Impact of glacial-lake paleofloods on valley development since glacial termination II: A conundrum of hydrology and scale for the lowstand Brahmaputra-Jamuna paleovalley system

J. L. Pickering, M. S. Diamond, S. L. Goodbred, C. Grall, J. M. Martin, L. Palamenghi, C. Paola, T. Schwenk, R. S. Sincavage, V. Spieß

Research output: Contribution to journalArticlepeer-review

3 Scopus citations

Abstract

To better define the base of the Brahmaputra River paleovalley, we analyzed an extensive borehole data set from the subaerial Bengal delta and a 255-km-long multichannel seismic survey along the modern river. The data reveal that the paleovalley floor is defined by a gravel unit containing bouldersized clasts up to 30 cm in diameter, deposited after ca. 30 ka but before ca. 9 ka. Paleohydrology during that time and the previous glacial maximum was characterized by a weak monsoon and reduced river discharge, both of which are inconsistent with large valley formation. However, our work indicates that glacial-lake outburst floods sourced from the Tibetan reaches of the Brahmaputra were routed through the lowstand valley, producing megaflood-scale discharge capable of transporting gravel and cannibalizing the valley margins. The timing of these glacial-lake outburst flood-driven discharge events was coincident with valley development and explains the anomalously large width of the valley and basal gravel surface. Despite the underfit scale of Brahmaputra discharge following the last glacial period, a strengthening monsoon and high sediment discharge in the early Holocene subsequently contributed to the efficient infilling of the massive paleovalley by the mid-Holocene. In a sequence stratigraphic context, this work provides an example of a major unconformity that developed late in the eustatic cycle (i.e., during early transgression rather than an earlier, protracted response to sealevel lowering) and in response to a perturbation originating in the catchment instead of changing accommodation in the basin. As such, it represents a geologically instantaneous time surface that can be used as a marker for stratigraphic correlation but one that is not in phase with eustatic sea-level fall.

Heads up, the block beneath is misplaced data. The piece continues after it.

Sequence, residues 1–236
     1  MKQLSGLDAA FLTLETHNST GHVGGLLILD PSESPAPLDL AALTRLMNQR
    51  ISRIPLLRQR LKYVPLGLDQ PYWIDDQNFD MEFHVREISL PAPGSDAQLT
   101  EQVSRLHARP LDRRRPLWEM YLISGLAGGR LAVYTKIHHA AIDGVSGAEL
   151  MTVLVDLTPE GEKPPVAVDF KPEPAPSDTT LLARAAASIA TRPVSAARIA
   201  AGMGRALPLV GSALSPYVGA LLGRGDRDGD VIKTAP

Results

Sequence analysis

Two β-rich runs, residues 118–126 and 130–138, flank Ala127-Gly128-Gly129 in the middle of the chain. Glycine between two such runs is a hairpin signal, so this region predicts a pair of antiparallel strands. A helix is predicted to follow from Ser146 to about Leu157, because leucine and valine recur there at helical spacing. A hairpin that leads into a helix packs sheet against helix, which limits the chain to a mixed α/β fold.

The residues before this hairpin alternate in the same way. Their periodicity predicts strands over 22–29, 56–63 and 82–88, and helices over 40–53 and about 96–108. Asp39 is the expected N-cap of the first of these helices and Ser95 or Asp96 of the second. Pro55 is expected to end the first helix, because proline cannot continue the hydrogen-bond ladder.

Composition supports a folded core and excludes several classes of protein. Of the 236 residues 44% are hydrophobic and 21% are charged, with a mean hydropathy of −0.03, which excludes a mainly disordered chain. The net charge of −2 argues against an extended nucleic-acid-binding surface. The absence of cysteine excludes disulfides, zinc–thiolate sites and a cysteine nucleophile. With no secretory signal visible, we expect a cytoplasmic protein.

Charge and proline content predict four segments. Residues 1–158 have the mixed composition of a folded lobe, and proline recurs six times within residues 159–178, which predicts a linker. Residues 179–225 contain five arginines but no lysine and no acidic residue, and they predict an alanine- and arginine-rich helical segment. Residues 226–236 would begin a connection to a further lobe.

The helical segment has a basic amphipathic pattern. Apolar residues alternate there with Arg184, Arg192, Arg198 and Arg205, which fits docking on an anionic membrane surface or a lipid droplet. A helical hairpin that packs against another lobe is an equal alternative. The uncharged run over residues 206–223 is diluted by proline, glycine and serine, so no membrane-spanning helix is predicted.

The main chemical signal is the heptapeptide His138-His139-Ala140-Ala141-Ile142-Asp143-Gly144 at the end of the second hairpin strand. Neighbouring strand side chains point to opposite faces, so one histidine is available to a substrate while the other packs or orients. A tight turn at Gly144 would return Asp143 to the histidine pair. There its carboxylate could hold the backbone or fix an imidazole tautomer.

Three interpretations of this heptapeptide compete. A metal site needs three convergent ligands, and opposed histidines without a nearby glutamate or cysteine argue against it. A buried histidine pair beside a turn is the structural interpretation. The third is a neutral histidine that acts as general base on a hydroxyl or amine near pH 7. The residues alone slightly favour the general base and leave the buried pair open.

Original languageEnglish (US)
Pages (from-to)58-70
Number of pages13
JournalBulletin of the Geological Society of America
Volume131
Issue number1-2
DOIs
StatePublished - Jan 1 2019

Bibliographical note

Funding Information:
This research was conducted through the BanglaPIRE project (banglapire.org) funded by a National Science Foundation (NSF) Partnerships for International Research and Education (PIRE) grant (NSF 0968354). Acquisition of seismic data was supported by BanglaPIRE and the German Research Foundation (DFG grant SCHW1551/3-1). We thank M. da Silva, N. Fekete, C. Ramos, B. Ngwana, S. Wenau, J. Haberkern, and H. Keil at Bremen Universität for their insights during processing and interpretation of the seismic reflection survey. Thanks go to S.H. Akhter and the many Dhaka University students and contractors who assisted with borehole drilling over the course of the PIRE project, to J.P. Mauldin for reference retrieval in Tokyo, and to J. Oster, the editors, S. Lahiri, and an anonymous reviewer for comments that improved the focus of this manuscript.

Funding Information:
This research was conducted through the BanglaPIRE project (banglapire.org) funded by a National Science Foundation (NSF) Partnerships for International Research and Education (PIRE) grant (NSF 0968354). Acquisition of seismic data was supported by BanglaPIRE and the German Research Foundation (DFG grant SCHW1551/3-1). We thank M. da Silva, N. Fekete, C. Ramos, B. Ngwana, S. Wenau, J. Haberkern, and H. Keil at Bremen Uni-versität for their insights during processing and interpretation of the seismic reflection survey. Thanks go to S.H. Akhter and the many Dhaka University students and contractors who assisted with borehole drilling over the course of the PIRE project, to J.P. Mauldin for reference retrieval in Tokyo, and to J. Oster, the editors, S. Lahiri, and an anonymous reviewer for comments that improved the focus of this manuscript.

Fingerprint

Dive into the research topics of 'Impact of glacial-lake paleofloods on valley development since glacial termination II: A conundrum of hydrology and scale for the lowstand Brahmaputra-Jamuna paleovalley system'. Together they form a unique fingerprint.

Cite this